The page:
African negotiators have called on the international community to help it face a range of climate-related challenges that they say will severely affect the continent if global average temperatures continue to rise.
Speaking in Warsaw during the UN climate talks, the leader for the African Group of Negotiators Tosi Mpanu said that African countries have asked for financial help to address climate issues caused by developed nations, but have so far received no support.
“We witness instability in rainfall, diseases spreading, sea level rise and floods”, Mpanu said.
“One of the effects of climate change is to send Africans further and further to seek water. This brings them into conflict with other Africans. We are faced with wars on African soil that are not created in Africa.”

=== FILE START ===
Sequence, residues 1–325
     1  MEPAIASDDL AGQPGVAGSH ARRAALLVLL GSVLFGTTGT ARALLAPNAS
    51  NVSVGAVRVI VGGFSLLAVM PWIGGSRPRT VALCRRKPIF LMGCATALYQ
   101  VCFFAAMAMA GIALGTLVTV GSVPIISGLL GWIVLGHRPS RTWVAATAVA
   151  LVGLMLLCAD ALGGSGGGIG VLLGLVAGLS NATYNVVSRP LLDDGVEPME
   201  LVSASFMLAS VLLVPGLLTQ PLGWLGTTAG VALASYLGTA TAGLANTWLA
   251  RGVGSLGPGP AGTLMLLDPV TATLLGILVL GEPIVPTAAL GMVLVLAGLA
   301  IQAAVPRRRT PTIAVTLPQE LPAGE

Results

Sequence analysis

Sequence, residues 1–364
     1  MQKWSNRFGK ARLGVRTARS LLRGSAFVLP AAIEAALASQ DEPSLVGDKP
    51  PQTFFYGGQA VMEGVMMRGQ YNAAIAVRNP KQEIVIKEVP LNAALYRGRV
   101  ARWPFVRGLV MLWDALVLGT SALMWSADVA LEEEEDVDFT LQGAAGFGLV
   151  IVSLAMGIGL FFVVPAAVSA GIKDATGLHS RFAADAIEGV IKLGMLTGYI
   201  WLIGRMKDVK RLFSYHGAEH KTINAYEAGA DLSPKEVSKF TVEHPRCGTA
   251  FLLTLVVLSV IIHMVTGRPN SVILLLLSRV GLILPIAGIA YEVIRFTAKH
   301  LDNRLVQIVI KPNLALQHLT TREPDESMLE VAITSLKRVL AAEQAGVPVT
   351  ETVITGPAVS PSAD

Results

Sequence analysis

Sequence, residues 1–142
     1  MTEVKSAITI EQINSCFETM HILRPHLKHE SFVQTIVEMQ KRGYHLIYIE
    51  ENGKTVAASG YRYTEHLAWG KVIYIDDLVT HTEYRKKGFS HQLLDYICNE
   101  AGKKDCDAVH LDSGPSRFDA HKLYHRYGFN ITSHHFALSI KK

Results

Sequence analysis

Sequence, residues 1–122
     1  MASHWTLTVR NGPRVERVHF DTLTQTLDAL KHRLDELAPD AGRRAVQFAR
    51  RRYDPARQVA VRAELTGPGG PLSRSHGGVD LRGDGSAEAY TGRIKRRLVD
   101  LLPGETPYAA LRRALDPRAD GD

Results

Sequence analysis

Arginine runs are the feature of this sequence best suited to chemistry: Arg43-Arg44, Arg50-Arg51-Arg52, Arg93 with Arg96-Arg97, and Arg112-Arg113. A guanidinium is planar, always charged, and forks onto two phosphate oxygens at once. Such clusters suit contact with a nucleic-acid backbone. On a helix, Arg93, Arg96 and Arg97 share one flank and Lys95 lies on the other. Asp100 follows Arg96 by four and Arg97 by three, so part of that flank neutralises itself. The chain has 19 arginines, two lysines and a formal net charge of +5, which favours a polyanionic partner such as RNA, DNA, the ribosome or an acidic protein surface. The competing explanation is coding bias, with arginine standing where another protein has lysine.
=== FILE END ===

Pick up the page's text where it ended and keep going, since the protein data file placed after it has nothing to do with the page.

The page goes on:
Mpanu referred to a report unveiled by the UN Environment Programme (UNEP) called Africa’s Adaptation Gap, which argued that as temperatures increase, Africa will see more extreme weather, diseases and agricultural loss.
He added, “We came to this conference in Poland expecting help with the adverse effects of climate change, but so far there are no signs of the finance that Africa needs.
“We are hoping that the arrival [in Warsaw] of ministers will signal a strong political commitment to scale up the finance to help us adapt. There are many adaptation projects in the pipeline but the money to do them is running out. We need a top-up for these funds, but so far there is no sign of it.”
The report said that even if the temperature rise was kept under the 2C threshold, the African continent would still need to spend $150 billion in adaptation costs every year, rising to $350 billion if the warming exceeded 3.5C by 2070.
Ephraim Kamuntu, Uganda’s minister of water and environment, said, “This report provides concrete evidence that climate change in Africa is a reality. We have to adapt or perish, but our capacity to respond is limited.”